BIA technology has been shown previously to provide accurate determination of body composition in various stages of CKD, including patients undergoing maintenance hemodialysis [3033]. As demonstrated by Donadio et al., body cell mass determined by tetrapolar single frequency BIA correlated best with urinary creatinine excretion [2123]. BCM, extracellular (ECM) and fat mass (FM) constitute the three body compartments as described in detail elsewhere [27]. Lean body mass (LBM), which we obtained from the skinfold measurements method, can be used synonymously with FFM for our purposes. BCM in contrast is defined as the total mass of all cells in the body that constitutes all metabolically active tissues and, therefore, unlike FFM or LBM, excludes extracellular mass (ECM). Hence, it most accurately reflects the total of all muscle fiber containing cells, including both skeletal and smooth muscle cells, thereby explaining the good correlation with excreted creatinine in our study as well as in those mentioned above. In contrast, other anthropometric parameters like waist/hip ratio or skin fold based measurements did not contribute substantially to the model predicting CrCl. Likewise, tetrapolar BIA performed substantially better compared to the handheld BIA device used for comparison. Like others, we developed and validated our model by using training and a validation group [22, 23]. In contrast to previous studies, however, additional variables were measured and tested to be incorporated into our prediction formula, resulting in a regression model containing BCM and gender.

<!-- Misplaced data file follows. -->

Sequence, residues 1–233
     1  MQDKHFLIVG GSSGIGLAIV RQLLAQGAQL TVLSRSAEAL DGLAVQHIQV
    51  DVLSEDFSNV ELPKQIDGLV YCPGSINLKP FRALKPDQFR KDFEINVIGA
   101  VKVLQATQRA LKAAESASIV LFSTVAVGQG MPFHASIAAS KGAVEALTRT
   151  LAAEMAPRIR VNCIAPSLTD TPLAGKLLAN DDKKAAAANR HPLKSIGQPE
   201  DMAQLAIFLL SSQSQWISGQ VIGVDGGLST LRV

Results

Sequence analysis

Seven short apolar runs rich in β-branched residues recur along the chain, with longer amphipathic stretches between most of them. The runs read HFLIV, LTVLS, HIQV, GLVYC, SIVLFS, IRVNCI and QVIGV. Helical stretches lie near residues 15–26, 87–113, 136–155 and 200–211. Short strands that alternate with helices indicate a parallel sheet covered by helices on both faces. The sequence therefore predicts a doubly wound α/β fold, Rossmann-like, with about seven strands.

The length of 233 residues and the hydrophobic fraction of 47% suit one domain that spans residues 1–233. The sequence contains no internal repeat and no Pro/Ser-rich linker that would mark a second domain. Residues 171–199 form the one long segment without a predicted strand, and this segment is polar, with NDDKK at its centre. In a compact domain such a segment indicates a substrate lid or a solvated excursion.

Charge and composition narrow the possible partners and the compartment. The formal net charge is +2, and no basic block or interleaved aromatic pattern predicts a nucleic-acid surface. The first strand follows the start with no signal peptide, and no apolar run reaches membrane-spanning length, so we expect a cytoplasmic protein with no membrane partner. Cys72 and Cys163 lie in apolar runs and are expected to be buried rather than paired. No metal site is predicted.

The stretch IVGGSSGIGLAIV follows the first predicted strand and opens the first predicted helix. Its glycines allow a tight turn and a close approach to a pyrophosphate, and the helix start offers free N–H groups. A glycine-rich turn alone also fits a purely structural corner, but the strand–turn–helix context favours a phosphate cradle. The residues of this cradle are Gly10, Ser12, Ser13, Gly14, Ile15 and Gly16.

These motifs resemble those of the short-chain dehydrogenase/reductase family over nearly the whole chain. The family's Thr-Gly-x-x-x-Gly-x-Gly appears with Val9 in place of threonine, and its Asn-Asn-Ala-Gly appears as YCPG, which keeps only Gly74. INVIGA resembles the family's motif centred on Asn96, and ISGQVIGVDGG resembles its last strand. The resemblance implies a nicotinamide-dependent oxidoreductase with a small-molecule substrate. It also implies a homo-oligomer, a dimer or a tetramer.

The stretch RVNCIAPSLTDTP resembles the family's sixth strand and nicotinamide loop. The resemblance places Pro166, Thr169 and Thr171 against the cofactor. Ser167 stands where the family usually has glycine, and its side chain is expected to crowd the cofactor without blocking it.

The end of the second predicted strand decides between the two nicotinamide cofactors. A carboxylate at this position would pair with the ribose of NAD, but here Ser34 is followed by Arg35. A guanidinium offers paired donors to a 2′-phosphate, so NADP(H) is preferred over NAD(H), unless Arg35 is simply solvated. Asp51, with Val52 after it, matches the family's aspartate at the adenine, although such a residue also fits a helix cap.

Unstratified, the BIA derived method yielded the best results of concordance and accuracy with the measured CrCl among all tested models. Stratified for body weight, the BIA based prediction formula seemed to perform best in subjects with BMI > 30 kg/m2. Likewise, the newly developed prediction method excelled in the subgroup of patients with measured CrCl > 60 mL/min/1.73 m2. However, even in lower range strata of CrCl or BMI, the model was overall superior to all other estimation methods. With regard to the statistical outlier patient with characteristics reflecting ‘sarcopenic obesity’, it seems that the BIA based GFR estimation method outperforms the other equations most obviously. The substantial impact of inclusion versus exclusion of this outlier patient on correlation coefficients and SEE has to be interpreted in context of the small subgroups.

Although a correct 24 h urine collection remains the gold standard to quantify proteinuria, urinary protein/creatinine ratio is broadly accepted (UPCR) for assessing and monitoring the course of proteinuric nephropathy. With the denominator of UPCR being expressed in grams of creatinine, the nominator is usually considered to reflect the amount of 24 h urinary protein excretion, as the average individual 24-h creatinine excretion for the population is approximately 1000 mg/day per 1.73 m2. Considering the fact that some individuals’ creatinine excretion per day will markedly differ from 1 g (e.g. muscle mass differing from average or due to changing body composition), it appears worthwhile to establish a better method to more accurately estimate proteinuria. Towards this aim, using UPCR from a spot urine sample extrapolated to estimated 24 h urinary protein excretion based on 24 h-creatininuria derived from BIA measurement, significantly improves the quantification of 24 h urinary protein excretion. However, this approach, too, does not account for circadian variability in urinary protein excretion.